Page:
In this keynote address in June 2016, "Enchanting the Earth's Data with Meaning: Information and Emotion Channeled through Environmental Literature and Art," Scott Slovic shares some of the key concepts from Numbers and Nerves.
A famous saying goes, “One death is a tragedy; a million deaths is a statistic.”
Due to psychic numbing, our sympathy for suffering and loss declines precipitously when we are presented with increasing numbers of victims.
Research has shown that compassion fade can begin to occur when a threat to a single person expands to as few as two people.
Saving one life is of utmost importance, but saving 1 + 1 lives feels less important than saving two lives and sometimes less important than saving one.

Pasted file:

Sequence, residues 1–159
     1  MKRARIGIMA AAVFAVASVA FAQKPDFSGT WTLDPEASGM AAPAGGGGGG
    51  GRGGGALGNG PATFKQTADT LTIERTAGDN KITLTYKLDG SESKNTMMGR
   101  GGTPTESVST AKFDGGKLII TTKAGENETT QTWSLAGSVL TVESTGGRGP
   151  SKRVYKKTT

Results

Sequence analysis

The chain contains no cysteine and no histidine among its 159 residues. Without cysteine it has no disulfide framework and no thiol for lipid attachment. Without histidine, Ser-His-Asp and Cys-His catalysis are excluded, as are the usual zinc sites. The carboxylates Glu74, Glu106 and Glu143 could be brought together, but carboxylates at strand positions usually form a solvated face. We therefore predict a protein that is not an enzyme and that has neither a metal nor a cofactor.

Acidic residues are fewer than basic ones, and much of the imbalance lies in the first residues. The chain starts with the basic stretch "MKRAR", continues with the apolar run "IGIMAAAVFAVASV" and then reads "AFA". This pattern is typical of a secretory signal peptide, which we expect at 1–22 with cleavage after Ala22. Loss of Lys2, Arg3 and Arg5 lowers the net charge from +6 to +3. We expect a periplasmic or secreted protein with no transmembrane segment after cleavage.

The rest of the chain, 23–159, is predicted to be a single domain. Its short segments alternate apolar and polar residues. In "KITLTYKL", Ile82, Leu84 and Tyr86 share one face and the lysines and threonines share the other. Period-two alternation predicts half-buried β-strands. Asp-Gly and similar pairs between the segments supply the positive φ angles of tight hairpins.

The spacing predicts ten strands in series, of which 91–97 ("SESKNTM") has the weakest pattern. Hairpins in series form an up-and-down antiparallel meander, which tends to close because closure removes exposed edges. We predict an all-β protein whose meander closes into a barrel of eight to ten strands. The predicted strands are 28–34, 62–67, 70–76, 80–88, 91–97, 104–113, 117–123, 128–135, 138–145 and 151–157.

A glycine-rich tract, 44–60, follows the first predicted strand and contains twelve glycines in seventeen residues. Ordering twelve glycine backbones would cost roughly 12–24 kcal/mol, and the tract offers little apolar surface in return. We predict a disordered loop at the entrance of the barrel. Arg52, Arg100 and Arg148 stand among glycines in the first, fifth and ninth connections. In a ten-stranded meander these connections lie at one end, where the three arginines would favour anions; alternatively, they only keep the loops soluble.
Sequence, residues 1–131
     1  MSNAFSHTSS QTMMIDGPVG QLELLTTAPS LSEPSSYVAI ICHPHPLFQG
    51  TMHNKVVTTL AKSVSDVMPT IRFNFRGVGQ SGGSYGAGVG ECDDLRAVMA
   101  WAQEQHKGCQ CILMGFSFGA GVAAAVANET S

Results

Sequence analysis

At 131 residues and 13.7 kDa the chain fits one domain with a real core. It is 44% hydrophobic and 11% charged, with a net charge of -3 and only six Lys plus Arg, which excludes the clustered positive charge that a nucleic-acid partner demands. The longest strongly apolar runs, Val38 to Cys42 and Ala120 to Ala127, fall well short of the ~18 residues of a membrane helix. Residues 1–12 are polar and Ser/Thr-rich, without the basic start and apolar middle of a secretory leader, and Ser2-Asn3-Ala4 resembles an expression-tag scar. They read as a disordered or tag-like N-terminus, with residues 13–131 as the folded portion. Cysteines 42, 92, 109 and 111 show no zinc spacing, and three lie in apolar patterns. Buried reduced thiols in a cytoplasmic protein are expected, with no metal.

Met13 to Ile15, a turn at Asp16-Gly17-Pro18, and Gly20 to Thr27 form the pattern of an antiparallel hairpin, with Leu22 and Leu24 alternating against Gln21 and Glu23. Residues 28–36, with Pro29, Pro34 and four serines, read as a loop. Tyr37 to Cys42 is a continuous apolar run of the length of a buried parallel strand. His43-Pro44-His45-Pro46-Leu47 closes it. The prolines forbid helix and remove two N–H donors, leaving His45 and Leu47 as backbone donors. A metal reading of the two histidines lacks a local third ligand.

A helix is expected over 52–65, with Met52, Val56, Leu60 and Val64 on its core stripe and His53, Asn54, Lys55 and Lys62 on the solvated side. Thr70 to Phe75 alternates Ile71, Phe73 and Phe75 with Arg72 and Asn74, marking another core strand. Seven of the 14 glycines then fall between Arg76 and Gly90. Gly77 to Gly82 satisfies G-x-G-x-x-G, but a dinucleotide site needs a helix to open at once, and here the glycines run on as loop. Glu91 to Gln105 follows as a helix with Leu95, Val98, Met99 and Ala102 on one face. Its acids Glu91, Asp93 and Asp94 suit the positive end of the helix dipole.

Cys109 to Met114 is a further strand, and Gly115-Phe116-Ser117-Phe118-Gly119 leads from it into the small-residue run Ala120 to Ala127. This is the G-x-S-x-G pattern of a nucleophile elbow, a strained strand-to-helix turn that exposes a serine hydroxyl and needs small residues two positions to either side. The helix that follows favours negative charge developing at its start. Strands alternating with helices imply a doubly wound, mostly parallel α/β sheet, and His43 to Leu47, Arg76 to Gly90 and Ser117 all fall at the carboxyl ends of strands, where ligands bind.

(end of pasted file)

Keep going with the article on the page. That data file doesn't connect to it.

Confronting this peculiar “arithmetic of compassion” in our daily lives and our national policy decisions is of critical importance in a world facing catastrophic threats from violence, disease, poverty, and natural disasters.
We believe that by raising awareness of these phenomena we can lessen the impact they have on our humanitarian decision making. We provide suggestions for how you can take action to combat these cognitive biases and tackle problems like mass atrocities, famine, climate change, and other critical issues.
Click on the links above to learn about the three related cognitive biases or visit our Take Action page to learn how you can combat these obstacles to compassion. Blog posts below connect these concepts to current events.